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New Day Saturday

Suspect In Paul Pelosi Attack Facing Several Felony Charges; Biden, Obama, And Trump Hit Campaign Trail In Key States Next Week; Schumer Caught On Hot Mic; Candidates Making Final Pitches To Voters 10 Days Before Election; The U.S. Is Struggling With An Early Surge In RSV Cases. Aired 7-8a ET

Aired October 29, 2022 - 07:00   ET



BORIS SANCHEZ, CNN ANCHOR: Buenos dias. Good morning, and welcome to your NEW DAY. I'm Boris Sanchez.

AMARA WALKER, CNN ANCHOR: Good morning to you, Boris. I'm Amara Walker. We have new details this morning in the violent attack on House Speaker Nancy Pelosi's husband. Hear what police first saw when they arrived at the home, and we also have an update on his condition and new indications about the suspect's motive.

SANCHEZ: And it is the final sprint to the midterm elections with both parties bringing out their closers, their messages and last-minute concerns and some of the key races.

WALKER: Plus, the urgent message from the CDC about this year's flu virus and why they're urging everyone to get vaccinated now.

SANCHEZ: And pediatric hospitals pushed to the brink by a surge of RSV patients. Your NEW DAY starts right now.

WALKER: Good morning, everyone, and welcome to your NEW DAY. It is Saturday, October 29th, always great to be with you Boris, and I still don't know what to do with a 50 percent chance of rain forecast two days from now. I mean, give me 40 percent or 60 percent. 50 percent is like what, what do I do with that?

SANCHEZ: I'm surprised you're not going to take an umbrella with you to go trick or treating. I feel like you're going to be drenched in whatever you're dressed as.

WALKER: I'm being stubborn. No, I'm just going to hang out on the porch with my neighbors and be sad. Yes.

SANCHEZ: Alcohol always helps with sadness, at least occasionally for me. We begin this morning to get serious with new details emerging about the violent attack on House Speaker Nancy Pelosi's husband.

WALKER: Yes, sources say the assailant tried to tie up 82-year-old, Paul Pelosi, after breaking into the couple's San Francisco home and attacking Pelosi with a hammer. He underwent surgery to repair a skull fracture and other injuries although doctors say he is expected to make a full recovery. And police say, this was a targeted attack.


CHIEF WILLIAM SCOTT, SAN FRANCISCO POLICE CHIEF: This was not a random act. This was intentional. And it's wrong. Our elected officials are here to do the business of their cities, their counties, their states, and this nation. Their families don't sign up for this to be harmed, and it is wrong, and everybody should be disgusted.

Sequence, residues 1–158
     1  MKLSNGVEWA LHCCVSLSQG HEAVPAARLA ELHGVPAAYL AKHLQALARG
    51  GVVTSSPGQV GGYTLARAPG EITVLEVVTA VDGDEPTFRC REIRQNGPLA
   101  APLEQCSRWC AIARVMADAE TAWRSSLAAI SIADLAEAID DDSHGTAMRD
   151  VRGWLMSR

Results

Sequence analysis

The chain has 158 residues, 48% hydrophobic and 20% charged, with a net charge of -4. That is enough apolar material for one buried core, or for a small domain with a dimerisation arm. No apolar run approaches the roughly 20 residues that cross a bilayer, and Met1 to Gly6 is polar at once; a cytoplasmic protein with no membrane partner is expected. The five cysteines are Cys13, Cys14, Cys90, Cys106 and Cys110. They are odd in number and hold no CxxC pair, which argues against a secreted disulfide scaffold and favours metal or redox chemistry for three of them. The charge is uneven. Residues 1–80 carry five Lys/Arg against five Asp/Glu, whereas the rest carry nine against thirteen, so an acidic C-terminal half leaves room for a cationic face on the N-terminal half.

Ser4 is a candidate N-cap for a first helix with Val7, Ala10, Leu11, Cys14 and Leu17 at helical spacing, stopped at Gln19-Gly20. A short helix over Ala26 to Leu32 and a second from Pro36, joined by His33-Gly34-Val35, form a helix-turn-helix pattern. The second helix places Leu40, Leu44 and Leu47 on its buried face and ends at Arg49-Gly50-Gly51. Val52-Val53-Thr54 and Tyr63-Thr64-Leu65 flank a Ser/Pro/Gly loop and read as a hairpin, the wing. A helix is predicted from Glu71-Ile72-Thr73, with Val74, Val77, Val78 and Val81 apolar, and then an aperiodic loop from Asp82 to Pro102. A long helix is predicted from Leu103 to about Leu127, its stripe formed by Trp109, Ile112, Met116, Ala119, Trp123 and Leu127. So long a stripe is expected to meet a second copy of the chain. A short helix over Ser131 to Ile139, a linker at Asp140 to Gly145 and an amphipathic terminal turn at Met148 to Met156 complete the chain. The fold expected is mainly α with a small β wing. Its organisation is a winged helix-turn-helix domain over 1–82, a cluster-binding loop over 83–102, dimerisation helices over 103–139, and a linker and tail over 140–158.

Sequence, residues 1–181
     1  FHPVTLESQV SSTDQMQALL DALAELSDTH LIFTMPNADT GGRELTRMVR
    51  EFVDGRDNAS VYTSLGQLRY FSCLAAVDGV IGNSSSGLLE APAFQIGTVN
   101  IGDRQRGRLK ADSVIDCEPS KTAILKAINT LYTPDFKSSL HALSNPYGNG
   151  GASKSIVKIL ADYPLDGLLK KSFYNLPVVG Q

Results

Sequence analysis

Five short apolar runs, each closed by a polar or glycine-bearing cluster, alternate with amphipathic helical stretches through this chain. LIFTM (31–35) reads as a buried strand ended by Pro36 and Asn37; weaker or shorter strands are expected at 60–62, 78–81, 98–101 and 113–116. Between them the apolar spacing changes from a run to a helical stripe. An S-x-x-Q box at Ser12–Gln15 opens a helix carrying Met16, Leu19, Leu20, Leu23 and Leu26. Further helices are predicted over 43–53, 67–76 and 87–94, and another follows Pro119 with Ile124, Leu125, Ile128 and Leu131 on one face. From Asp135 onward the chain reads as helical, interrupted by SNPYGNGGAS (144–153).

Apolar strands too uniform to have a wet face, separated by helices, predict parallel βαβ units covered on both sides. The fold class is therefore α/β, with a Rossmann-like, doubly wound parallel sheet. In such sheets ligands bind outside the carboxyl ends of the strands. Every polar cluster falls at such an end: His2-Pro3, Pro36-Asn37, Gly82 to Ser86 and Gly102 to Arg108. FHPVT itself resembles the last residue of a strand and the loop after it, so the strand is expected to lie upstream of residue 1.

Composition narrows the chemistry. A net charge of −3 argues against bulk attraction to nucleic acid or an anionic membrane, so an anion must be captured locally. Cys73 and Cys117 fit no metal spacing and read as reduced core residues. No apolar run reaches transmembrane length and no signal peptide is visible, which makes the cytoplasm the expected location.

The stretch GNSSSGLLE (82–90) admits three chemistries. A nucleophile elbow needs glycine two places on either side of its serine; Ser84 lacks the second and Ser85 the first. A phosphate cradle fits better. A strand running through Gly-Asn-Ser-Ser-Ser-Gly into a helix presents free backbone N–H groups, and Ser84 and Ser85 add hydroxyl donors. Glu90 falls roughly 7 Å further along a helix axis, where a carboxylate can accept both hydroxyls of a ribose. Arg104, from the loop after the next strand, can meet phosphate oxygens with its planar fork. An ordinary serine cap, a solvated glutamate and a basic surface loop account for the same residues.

SANCHEZ: The San Francisco district attorney says that when police arrived, the suspect used the hammer against Paul Pelosi in a manner that appeared he was intending to kill him. President Biden called the attack despicable.


JOE BIDEN, PRESIDENT OF THE UNITED STATES: Enough is enough, is enough. Every person of good conscience needs to clearly and unambiguously, stand up against the violence in our polities regardless what your politics are.


WALKER: We get more now on the attack on Paul Pelosi from CNN's Natasha Chen.


NATASHA CHEN, CNN CORRESPONDENT: San Francisco Police Chief Bill Scott became emotional during a press conference Friday evening saying this attack was intentional and wrong. Adding that family members of our elected leaders did not sign up for this and that we should all be disgusted.

Speaker Pelosi arrived at Zuckerberg San Francisco General Hospital behind me here by mid-afternoon on Friday. Doctors here said her husband, Paul Pelosi, underwent successful surgery to repair a skull fracture and serious injuries to his arm and hands. He is expected to make a full recovery.

The suspect is also still being treated at the hospital for minor injuries. The police have been able to speak with him, 42-year-old, David Wayne DePape. He is expected to be booked on suspicion of attempted murder, first-degree burglary, and assault with a deadly weapon among other charges.

The San Francisco Police Chief said the assailant broke into the Pelosi residence through the back door in the early hours of Friday morning. Speaker Pelosi was in D.C. at the time. The DA said it is really thanks to Mr. Pelosi calling 9-1-1 and talking to a dispatcher in code, and the instinct of that dispatcher to realize something was wrong and making that police call a priority.

[07:05:28] Chief Scott said that instinct was lifesaving. He said someone opened